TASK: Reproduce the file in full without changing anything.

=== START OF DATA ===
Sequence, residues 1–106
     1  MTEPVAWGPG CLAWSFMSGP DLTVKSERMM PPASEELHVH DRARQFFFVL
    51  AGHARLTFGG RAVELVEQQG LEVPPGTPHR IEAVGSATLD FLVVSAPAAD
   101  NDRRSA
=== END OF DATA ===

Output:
Sequence, residues 1–106
     1  MTEPVAWGPG CLAWSFMSGP DLTVKSERMM PPASEELHVH DRARQFFFVL
    51  AGHARLTFGG RAVELVEQQG LEVPPGTPHR IEAVGSATLD FLVVSAPAAD
   101  NDRRSA